• Since creating the group, my whole attitude towards disability and parenthood has changed. I now believe that we can all parent if we have the simple adaptations and support we need. We should not be ashamed or embarrassed. Instead we should be proud of our abilities and we should fight for the world of parenting to accommodate us without othering us.

  • Frustrating – The truth is that the world of parenting is not, as the world in general is not, geared up for disabled parents. At first I only noticed my own limitations and the barriers I felt personally to being the best mum I could.

  • Now, however, as I get to know more and more disabled mums, I see the wider complications. I cannot count how many times I have turned up to a baby group to find it is accessible only by stairs, or that you are expected to leave the push chair at the door and carry the baby in.

  • There are mums on the facebook groups who have had to crowd fund adaptations to cots and mobility scooters. In some parts of the country it is possible to get adaptations so you can push a pram from a wheelchair, but not in most.

  • One of the Mum’s Like Us community making it work

  • There are schools up and down the country that you cannot get in to if you have mobility difficulties.

  • I have never seen a children’s book in large or giant print. Letters and leaflets and signs are almost always inaccessible to the blind or partially sighted. There are ‘family’ attractions, community spaces and shops without adequate disabled toilets for adult use and that are generally inaccessible. Schools with no dropped curb outside, baby clothes with impossibly fiddly poppers. The list goes on and on.

  • All these things contribute to making a day in the life of a disabled mum frustrating. It is necessary to be constantly one step ahead, super prepared and think about every eventuality. This can be exhausting.

  • Inspiring. I do feel, despite the many challenges faced by disabled mums, that we are in a unique position to inspire our children. My children are completely unfazed by my disability. They know mummy has a stick and they know why I use it.

  • My eldest understands the limitations of my vision. I have answered questions with honesty and drip fed the information I think they need to know as and when it has seemed appropriate. This will I hope encourage them to be empathetic towards, and respectful of the diversity they will encounter in their lives.

  • I hope they will be proud of me because I am raising them with all I can give whilst shouting about disability and motherhood.

  • I hope that when they grow up, the stigma around disability and motherhood, and disability more generally, will be gone. As I hope we inspire our children, I also know we inspire one another.

  • The Mums Like Us community have inspired me enormously. Although I know what it is to be a disabled mother, I do not know what it is to be a disabled single mother, or a disabled same sex parent, or a disabled mother of colour. All the women on MLU have experiences and perspectives that are different from mine. I find their stories so inspiring.

  • Humbling – Before I had my kids, I was pretty angry. I was angry with my body. It had been such a let down. It had failed me monumentally by crashing out at a young age. I knew I had a lot to be grateful for and that I was very privileged but I still felt the rage!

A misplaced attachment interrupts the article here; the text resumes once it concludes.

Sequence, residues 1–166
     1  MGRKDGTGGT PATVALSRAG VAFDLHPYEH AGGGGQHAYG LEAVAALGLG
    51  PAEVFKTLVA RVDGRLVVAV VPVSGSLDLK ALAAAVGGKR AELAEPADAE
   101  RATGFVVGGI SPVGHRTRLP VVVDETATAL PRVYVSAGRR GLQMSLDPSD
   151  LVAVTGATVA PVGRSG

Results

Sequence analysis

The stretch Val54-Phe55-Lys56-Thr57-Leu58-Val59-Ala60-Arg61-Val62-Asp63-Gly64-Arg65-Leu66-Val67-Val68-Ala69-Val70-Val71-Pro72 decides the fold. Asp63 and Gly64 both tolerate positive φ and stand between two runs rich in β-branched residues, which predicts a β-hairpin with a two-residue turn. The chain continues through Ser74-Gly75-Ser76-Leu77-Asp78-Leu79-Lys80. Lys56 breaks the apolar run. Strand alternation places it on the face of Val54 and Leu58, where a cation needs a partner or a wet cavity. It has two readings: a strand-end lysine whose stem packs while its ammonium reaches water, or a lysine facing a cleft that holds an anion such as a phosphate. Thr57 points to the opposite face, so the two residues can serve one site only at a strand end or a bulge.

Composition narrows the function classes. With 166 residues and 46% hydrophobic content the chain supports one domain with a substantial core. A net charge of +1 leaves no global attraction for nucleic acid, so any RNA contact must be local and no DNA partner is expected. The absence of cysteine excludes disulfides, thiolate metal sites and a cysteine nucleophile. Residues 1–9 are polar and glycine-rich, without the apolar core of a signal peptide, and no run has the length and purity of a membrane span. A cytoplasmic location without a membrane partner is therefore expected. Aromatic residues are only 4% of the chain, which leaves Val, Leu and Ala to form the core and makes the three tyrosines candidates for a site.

• Since I have carried two healthy pregnancies to full term, the rage is gone. I am still frustrated and daunted of course. And I still get sad sometimes.

  • But my body has done something amazing. I have to be grateful to it, humbled by it. I have to appreciate it and accept it.  Life has given me MS but I will give life my all.

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  • Reply Jill July 27, 2018 at 9:19 pm

    My mum had MS before she had me in her 20’s. She is now 74 and i’m 45. She has always loved me fiercely and has felt no different to other mums (apart from her obvious physical disabilities which only makes me feel more loving and protective of her). We have a strong relationship and close bond. I am very proud of her as I hope you are of yourself, there is definitely no reason why you should not have children because you have MS. Good luck and make sure you do make use of all the fantastic support you seem to have,

  • Reply motherofangels3 July 28, 2018 at 2:56 am

    I love your quote ” life gave me ms but I’ll give life my all”. Truly inspiring ! Truly!

  • Reply H wilson July 28, 2018 at 9:56 am

    I got diagnosed with ms post miscarriage I thought I had lost my vision due to the stress. After a course of steroids an MRI and my definite diagnosis I found out that I was pregnant. Sadie is now 8 months and I have had my treatment and so far no relapses. Thank you for this article. It’s wonderful your wonderful and I am going to check out your Facebook. Thank you Clemmie for featuring this x

  • Reply Hannah Baldwin July 29, 2018 at 12:08 pm

    I actually cried reading this. I was diagnosed with MS at 23, just before my 24th birthday and was absolutely devastated thinking I couldnt have children now. I have since learnt that that isn’t the case but after only living with MS for 10months its so wonderful to read stories of others that have had children and absolutely nailed it, even with the difficulties faced. Gives me so much hope!